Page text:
Joy in Jury Duty

A month ago, I got a jury duty postcard. For many years, this meant panic time.

This year, when I’m working on a project called Citizen Joy, I had to untangling my habitual reactions. “No, I won’t panic, I won’t rail against this unfair disruption of my life, I won’t try to get out of it. Instead, I will find the joy in jury duty.”

It worked. I showed up early, found a good parking spot and got a pre-court chai latte. In line, I chatted with some nice folks as we waited to go through security; in the big room, I enjoyed sitting with a true cross section of Alameda County and admired the staff for being both kind and efficient. Even the orientation video rocked.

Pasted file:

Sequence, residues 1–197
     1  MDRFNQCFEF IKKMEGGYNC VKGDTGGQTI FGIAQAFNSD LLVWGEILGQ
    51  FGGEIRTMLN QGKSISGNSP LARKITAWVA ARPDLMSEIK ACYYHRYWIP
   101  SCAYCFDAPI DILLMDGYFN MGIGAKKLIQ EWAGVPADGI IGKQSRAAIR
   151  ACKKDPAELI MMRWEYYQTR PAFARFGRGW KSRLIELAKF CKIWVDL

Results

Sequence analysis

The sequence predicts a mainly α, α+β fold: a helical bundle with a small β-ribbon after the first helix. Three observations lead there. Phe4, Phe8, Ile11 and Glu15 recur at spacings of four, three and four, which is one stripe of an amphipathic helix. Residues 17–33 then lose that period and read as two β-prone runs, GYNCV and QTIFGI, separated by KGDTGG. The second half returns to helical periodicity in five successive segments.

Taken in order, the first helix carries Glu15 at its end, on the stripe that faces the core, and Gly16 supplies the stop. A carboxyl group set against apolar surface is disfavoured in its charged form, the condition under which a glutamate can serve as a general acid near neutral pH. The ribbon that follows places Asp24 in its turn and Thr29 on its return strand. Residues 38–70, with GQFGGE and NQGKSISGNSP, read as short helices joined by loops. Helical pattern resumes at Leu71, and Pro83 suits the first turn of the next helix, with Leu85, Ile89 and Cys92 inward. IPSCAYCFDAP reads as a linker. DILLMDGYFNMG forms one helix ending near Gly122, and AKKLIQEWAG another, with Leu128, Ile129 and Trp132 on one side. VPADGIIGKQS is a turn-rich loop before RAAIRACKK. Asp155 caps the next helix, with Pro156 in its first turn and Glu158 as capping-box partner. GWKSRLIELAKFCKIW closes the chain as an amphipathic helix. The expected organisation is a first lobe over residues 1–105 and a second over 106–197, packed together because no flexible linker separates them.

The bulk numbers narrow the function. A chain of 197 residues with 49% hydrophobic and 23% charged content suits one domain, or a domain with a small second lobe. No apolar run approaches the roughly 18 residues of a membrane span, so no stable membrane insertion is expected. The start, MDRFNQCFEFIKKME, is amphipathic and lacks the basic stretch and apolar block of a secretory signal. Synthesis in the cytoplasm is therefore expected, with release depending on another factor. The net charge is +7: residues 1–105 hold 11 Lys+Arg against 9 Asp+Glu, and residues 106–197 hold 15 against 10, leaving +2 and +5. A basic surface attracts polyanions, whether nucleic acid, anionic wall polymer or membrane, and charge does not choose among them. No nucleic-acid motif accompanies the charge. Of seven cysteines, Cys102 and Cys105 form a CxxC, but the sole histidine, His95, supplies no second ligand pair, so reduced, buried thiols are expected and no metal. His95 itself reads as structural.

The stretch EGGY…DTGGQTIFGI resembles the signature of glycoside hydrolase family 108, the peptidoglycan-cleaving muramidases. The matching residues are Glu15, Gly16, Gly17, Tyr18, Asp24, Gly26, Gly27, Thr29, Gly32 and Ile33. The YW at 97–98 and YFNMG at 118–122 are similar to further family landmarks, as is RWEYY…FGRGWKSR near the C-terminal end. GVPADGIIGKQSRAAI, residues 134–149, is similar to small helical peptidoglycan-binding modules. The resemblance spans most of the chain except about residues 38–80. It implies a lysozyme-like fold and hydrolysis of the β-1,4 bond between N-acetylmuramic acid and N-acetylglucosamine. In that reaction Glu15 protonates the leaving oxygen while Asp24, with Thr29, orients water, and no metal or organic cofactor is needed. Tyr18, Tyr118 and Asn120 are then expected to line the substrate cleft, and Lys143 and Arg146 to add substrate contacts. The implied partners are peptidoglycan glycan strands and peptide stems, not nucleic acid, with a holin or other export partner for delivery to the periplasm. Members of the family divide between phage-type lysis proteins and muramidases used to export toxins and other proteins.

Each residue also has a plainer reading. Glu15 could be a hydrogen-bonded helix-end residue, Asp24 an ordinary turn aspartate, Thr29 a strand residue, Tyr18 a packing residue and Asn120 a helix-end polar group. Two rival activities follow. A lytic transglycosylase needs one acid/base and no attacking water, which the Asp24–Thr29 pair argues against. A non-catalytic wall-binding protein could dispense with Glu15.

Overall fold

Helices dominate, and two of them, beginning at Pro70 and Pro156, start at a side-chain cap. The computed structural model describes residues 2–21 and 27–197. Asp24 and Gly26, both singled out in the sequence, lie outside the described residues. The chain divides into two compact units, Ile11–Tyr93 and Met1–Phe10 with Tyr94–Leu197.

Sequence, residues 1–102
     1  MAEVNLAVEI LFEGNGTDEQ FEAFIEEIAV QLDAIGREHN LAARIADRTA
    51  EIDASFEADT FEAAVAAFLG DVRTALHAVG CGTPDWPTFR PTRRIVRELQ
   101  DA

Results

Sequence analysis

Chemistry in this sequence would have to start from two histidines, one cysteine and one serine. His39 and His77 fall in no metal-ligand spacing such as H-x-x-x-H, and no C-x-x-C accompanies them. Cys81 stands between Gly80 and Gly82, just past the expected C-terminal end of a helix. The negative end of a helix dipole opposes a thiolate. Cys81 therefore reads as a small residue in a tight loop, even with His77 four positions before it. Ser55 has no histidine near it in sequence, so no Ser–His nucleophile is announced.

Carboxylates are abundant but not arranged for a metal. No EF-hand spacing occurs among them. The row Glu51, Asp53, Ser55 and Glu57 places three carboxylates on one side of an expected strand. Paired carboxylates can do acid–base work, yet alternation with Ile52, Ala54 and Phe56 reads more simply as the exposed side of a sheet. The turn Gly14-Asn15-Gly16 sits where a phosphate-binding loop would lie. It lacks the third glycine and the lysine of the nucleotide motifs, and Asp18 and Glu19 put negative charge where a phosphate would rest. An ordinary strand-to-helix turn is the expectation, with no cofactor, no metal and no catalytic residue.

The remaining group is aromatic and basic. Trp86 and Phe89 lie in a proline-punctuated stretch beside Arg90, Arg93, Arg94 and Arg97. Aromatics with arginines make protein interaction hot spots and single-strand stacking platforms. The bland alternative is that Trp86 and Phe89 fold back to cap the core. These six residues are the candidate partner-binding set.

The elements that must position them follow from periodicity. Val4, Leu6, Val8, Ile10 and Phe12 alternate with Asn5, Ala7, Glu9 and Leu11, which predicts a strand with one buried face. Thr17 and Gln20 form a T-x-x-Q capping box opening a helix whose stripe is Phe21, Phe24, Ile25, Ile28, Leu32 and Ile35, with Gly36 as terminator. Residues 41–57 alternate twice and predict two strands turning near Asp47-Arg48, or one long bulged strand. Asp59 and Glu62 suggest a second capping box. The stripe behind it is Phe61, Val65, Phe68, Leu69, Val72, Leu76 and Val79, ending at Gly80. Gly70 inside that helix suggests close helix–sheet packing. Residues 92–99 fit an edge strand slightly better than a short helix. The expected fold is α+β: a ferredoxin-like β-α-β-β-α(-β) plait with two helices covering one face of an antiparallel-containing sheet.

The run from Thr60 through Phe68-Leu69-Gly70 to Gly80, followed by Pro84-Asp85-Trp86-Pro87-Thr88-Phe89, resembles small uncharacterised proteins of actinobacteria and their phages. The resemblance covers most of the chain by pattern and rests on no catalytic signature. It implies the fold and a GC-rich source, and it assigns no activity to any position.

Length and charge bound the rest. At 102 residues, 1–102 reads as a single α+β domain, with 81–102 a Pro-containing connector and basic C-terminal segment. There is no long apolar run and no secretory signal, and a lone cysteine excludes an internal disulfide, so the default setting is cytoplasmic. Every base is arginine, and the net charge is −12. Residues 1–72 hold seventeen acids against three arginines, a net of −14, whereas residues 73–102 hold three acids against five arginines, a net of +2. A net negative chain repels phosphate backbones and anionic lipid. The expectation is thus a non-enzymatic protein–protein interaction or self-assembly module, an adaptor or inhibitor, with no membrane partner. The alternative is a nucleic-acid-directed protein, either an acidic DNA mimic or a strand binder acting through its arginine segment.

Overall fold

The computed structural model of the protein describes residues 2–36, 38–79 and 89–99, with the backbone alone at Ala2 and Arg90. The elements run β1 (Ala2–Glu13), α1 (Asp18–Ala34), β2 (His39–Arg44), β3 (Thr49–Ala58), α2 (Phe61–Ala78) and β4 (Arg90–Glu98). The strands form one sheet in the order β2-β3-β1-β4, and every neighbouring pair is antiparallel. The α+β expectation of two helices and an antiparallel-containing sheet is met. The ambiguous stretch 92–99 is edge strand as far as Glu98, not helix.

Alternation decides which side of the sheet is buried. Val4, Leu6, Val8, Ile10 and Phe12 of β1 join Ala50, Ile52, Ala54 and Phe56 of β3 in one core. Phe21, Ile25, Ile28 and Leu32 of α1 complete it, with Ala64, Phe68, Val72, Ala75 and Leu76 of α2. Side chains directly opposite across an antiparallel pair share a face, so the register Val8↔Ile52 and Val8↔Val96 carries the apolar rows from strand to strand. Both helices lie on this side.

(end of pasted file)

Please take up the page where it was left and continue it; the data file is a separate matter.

Then the judge came down from his chambers and, as he outlined the timeline, I slowly realized that I’ll need to cancel plans I was really looking forward to, and even loss out on some paid work.

“Oh, hell no! This citizen stuff sucks.”

I was shocked at how quickly I was willing to abandon my core values when they became inconvenient…but I was still righteously offended at this huge inconvenience.

Jeff doing jury duty

I tried to calm down.

“Less than a month ago, Jeff, you were singing the praises of twelve brave jurors in New York and now you want to weasel out of your small part of the process?”

That did the trick.

Jury service is at the heart of our justice system; the heart of our democracy is jury service and voting. As the training video says, “…ideals are made real only if individual citizens are willing to uphold them.”

Citizen joy, civic duty, ain’t easy, but it’s a hell of a lot better than the alternative. Embrace jury service; get out the vote. Embrace Citizen Joy. Save us from a government that will never ask us to uphold our ideals.